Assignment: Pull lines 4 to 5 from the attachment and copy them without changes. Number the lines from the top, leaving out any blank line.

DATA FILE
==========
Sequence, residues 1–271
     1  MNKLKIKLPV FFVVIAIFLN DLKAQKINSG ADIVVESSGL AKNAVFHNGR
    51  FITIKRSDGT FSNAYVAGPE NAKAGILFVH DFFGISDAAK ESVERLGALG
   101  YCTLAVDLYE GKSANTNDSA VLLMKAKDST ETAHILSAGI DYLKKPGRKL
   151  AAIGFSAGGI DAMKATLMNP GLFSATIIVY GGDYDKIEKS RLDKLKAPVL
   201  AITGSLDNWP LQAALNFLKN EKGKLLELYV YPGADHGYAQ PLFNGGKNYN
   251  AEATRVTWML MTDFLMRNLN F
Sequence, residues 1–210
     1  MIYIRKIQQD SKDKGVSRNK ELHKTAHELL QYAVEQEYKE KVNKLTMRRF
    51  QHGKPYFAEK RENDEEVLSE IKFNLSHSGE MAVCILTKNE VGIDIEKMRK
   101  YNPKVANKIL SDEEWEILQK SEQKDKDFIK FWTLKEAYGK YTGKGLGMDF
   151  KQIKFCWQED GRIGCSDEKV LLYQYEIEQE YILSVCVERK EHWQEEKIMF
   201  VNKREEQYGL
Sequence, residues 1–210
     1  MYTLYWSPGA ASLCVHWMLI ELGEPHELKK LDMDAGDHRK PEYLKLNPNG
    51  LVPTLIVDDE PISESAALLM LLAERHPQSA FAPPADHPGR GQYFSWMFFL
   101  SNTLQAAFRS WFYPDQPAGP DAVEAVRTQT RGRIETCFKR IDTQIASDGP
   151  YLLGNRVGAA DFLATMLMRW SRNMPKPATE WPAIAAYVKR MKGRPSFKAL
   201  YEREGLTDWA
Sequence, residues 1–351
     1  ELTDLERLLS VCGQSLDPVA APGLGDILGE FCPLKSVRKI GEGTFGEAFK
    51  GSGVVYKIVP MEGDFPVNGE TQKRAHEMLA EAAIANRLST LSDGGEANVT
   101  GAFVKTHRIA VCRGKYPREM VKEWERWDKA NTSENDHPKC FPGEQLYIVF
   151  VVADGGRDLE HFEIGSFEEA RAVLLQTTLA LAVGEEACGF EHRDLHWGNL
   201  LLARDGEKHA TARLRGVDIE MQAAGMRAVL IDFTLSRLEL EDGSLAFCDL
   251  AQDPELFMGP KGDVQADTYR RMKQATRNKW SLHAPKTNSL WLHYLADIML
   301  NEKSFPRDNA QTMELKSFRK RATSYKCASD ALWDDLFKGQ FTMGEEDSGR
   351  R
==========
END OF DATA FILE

   101  YCTLAVDLYE GKSANTNDSA VLLMKAKDST ETAHILSAGI DYLKKPGRKL
   151  AAIGFSAGGI DAMKATLMNP GLFSATIIVY GGDYDKIEKS RLDKLKAPVL